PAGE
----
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ancient appear bave beauty believe boards body called cause character Christian common conduct considerable considered contains continued course described direct effect equally evidence existence expected expression eyes fact feelings force France friends give given hand heart House human important interesting Italy kind King lady language late learned least less letters light living look Lord manner matter means mind nature never object observations once opinion original party passage passed period persons poem poet poetry possessed present principles produced published readers reason received relates remarks respect rest Review seems seen sense side society spirit style supposed taken thing thought tion traveller volume wbich whole wish writer written
Page 23 - mid these dancing rocks at once and ever It flung up momently the sacred river.
Page 19 - The night is chill; the forest bare; Is it the wind that moaneth bleak? There is not wind enough in the air To move away the ringlet curl From the lovely lady's cheek There is not wind enough to twirl The one red leaf, the last of its clan, That dances as often as dance it can, Hanging so light, and hanging so high, On the topmost twig that looks up at the sky.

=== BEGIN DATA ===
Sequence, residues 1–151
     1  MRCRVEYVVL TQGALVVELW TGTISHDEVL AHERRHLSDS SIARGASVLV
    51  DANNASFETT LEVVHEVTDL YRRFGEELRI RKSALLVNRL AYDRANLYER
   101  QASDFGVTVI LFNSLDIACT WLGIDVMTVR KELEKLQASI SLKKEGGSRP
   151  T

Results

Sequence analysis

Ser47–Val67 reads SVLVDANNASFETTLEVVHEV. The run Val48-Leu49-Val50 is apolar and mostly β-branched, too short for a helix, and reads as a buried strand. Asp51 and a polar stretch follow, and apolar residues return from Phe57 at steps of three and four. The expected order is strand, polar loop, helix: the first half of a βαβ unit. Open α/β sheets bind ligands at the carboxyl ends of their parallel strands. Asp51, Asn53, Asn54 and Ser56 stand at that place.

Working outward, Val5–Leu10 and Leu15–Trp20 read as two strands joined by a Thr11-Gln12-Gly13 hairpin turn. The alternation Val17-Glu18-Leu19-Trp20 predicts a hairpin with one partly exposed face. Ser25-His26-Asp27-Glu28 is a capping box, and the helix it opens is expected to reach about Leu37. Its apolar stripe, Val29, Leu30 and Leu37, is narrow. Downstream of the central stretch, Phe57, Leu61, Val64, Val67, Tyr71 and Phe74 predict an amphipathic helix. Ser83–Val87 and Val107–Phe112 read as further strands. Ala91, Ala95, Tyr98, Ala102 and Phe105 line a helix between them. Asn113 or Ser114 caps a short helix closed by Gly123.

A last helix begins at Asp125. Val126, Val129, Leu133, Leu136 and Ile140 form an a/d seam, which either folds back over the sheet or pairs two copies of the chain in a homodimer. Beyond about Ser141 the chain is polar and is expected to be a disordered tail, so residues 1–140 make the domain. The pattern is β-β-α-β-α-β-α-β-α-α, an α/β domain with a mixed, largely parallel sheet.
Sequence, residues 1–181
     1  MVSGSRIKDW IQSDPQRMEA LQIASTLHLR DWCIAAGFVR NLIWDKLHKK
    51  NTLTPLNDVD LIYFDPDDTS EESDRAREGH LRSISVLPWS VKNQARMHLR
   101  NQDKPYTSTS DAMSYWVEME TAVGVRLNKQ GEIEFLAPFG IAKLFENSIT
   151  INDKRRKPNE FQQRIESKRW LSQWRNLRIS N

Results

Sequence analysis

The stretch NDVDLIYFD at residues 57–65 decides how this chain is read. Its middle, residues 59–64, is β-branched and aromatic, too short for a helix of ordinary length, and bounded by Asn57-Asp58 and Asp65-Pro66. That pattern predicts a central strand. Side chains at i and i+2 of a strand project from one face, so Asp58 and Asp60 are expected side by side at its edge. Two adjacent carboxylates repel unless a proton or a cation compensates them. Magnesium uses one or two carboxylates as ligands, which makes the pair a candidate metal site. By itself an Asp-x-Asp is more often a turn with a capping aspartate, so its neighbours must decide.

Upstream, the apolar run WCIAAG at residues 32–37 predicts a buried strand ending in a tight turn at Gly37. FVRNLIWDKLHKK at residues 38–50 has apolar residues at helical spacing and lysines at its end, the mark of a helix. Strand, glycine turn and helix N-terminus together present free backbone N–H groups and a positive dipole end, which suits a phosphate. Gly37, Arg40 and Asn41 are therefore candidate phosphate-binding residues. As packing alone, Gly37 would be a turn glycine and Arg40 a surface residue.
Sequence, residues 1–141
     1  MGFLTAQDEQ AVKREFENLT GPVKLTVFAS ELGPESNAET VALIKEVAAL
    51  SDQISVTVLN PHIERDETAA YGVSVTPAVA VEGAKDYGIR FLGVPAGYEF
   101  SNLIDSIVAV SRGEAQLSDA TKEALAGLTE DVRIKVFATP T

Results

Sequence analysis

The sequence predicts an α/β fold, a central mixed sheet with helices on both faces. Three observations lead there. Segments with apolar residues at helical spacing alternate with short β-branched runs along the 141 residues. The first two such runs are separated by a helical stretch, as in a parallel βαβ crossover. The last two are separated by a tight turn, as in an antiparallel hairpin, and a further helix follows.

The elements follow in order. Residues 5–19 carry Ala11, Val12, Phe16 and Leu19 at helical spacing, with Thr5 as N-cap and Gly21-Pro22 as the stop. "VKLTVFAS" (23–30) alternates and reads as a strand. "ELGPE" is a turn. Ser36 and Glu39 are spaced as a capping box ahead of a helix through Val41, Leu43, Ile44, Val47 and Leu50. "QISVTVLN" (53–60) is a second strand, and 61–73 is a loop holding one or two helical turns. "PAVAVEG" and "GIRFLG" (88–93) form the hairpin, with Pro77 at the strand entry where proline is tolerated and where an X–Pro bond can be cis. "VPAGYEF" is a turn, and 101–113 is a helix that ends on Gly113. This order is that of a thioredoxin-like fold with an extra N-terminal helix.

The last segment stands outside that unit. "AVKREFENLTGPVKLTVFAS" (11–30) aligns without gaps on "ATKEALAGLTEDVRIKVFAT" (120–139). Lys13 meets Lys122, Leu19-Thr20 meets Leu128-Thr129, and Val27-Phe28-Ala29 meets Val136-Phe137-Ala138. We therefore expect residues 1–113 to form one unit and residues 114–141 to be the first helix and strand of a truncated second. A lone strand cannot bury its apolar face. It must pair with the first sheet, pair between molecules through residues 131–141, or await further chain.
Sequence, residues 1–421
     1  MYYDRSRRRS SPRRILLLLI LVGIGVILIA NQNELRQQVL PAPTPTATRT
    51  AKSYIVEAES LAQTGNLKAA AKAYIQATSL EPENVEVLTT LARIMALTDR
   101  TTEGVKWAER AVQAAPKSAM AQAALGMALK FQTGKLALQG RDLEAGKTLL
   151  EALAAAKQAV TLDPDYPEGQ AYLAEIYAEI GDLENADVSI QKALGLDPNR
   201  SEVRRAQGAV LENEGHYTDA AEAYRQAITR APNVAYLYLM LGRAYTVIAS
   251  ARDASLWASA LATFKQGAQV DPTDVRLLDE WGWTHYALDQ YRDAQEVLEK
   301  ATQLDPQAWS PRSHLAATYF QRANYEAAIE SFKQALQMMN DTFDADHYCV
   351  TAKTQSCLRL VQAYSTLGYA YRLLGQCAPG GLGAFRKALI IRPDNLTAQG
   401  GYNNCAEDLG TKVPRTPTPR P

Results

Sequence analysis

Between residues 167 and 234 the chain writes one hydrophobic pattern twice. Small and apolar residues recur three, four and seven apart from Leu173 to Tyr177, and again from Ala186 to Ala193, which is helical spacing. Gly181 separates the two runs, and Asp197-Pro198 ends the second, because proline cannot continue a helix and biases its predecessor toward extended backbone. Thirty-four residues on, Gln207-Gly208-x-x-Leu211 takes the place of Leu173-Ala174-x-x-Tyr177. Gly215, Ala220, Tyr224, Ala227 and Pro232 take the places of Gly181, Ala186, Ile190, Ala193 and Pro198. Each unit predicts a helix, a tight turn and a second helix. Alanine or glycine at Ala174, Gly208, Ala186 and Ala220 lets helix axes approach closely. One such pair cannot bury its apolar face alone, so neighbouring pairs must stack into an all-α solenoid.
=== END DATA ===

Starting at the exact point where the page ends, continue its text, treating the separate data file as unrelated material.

Page 24 - But yester-night I prayed aloud In anguish and in agony, Up-starting from the fiendish crowd Of shapes and thoughts that tortured me : A lurid light, a trampling throng, Sense of intolerable wrong, And whom I scorned, those only strong!
Page 20 - Alas! they had been friends in youth; But whispering tongues can poison truth; And constancy lives in realms above; And life is thorny; and youth is vain; And to be wroth with one we love Doth work like madness in the brain.
Page 286 - Concerning Jesus of Nazareth, which was a prophet mighty in deed and word before God and all the people: And how the chief priests and our rulers delivered him to be condemned to death, and have crucified him.
Page 358 - Come as the winds come, when Forests are rended ; Come as the waves come, when Navies are stranded : Faster come, faster come, Faster and faster, Chief, vassal, page, and groom, Tenant and master.
Page 20 - But never either found another To free the hollow heart from paining — They stood aloof, the scars remaining, Like cliffs which had been rent asunder ; A dreary sea now flows between, But neither heat, nor frost, nor thunder, Shall wholly do away, I ween, The marks of that which once hath been.
Page 20 - tis pretty to force together Thoughts so all unlike each other ; ' To mutter and mock a broken charm, To dally with wrong that does no harm. Perhaps 'tis tender too and pretty At each wild word to feel within A sweet recoil of love and pity.